The handiest single bit of information a php/java/ruby/[insert your lang here] will ever need to know about database design.

Don’t trash out your data… just don’t do it.  Don’t physically delete it as it’s a real pain in the arse to get back.

Have a deleteflag instead… 


id int(11) not null primary key auto_increment,

firstname varchar(100) not null default “”,

lastname varchar(100) not null default “”,

email varchar(100) not null default “”,

createdate int(11) not null default -1,

lastupdate int(11) not null default -1,

deleteflag int(11) not null default -1


Deleting data then becomes a cinch:

UPDATE users SET deleteflag=UNIX_TIMESTAMP() WHERE id=[id_of_the_deleted];

It makes life a heck of lot easier when a customer phones you up saying they’ve deleted all their data and is there a quick way of getting it back.

Yup, it’s easy.

UPDATE users SET deleteflag=-1 WHERE id=[id_of_the_deleted];

There, data saved for a client’s emergency.  You’ll all look great and I don’t want a royalty….



5 responses to “The handiest single bit of information a php/java/ruby/[insert your lang here] will ever need to know about database design.”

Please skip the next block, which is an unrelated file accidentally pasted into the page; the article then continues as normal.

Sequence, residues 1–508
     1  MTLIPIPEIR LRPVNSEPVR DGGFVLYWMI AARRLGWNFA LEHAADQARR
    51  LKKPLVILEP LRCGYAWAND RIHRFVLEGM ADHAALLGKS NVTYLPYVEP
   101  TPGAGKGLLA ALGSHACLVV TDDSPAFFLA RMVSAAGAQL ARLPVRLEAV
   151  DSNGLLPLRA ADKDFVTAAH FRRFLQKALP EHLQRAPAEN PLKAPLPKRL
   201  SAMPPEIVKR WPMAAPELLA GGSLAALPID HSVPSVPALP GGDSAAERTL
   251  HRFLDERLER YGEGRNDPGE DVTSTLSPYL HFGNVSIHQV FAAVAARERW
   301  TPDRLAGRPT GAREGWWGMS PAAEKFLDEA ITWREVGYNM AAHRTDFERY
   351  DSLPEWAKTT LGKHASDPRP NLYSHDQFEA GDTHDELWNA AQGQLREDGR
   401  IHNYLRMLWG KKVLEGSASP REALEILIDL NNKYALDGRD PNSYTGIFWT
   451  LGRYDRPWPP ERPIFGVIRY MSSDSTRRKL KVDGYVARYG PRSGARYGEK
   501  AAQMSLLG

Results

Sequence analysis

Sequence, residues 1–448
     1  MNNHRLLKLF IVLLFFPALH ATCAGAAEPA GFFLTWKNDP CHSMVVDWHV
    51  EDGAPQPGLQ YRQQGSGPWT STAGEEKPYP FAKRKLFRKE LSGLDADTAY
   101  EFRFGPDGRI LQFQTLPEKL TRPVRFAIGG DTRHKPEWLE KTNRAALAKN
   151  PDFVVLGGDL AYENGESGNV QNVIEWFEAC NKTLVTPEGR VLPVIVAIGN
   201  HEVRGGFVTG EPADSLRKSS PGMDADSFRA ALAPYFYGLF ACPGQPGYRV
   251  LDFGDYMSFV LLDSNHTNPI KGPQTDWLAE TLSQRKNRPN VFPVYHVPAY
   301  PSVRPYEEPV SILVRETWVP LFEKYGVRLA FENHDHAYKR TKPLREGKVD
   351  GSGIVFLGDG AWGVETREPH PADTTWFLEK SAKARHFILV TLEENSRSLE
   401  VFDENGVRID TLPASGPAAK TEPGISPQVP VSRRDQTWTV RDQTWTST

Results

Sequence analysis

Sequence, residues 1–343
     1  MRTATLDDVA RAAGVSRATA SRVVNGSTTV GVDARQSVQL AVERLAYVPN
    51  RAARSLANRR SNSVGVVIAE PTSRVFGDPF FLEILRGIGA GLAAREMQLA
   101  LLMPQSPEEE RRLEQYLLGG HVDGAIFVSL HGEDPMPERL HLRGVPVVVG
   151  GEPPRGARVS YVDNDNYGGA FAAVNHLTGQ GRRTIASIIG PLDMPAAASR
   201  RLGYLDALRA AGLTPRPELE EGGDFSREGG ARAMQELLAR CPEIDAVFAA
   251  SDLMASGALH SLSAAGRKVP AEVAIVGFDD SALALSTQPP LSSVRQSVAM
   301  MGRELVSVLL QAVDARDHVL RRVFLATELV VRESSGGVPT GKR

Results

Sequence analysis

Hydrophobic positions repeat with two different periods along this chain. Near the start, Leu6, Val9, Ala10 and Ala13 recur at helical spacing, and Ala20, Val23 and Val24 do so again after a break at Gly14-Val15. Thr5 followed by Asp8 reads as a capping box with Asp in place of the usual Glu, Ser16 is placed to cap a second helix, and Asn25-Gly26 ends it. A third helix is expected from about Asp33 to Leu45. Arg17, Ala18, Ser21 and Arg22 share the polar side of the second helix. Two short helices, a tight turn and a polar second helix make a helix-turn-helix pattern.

1. You might want a "deleted_date" instead of a simple flag, so you know how stale the data is and so how "safe" it might be to delete it.

  2. John, I’ve seen some folk do a deleted=0/1 type scenario. I always go for a timestamp so I can recall the date. It’s also handy to find users who’ve deleted in the last six months etc.

  3. Another, more complex option, is to use trigger to populate a users_deleted table with the deleted data, that way your table stays clean, but the data is safe.

  4. Simon, not a bad idea at all. I personally like to keep things as clean as possible so I can also maintain control from a class level. Handy methods like public boolean isDeleted(){ if(this.deleteflag > -1) return true;} Once you get pivot type tables into the mix it starts to create work.All good fun though and thanks for the comment.

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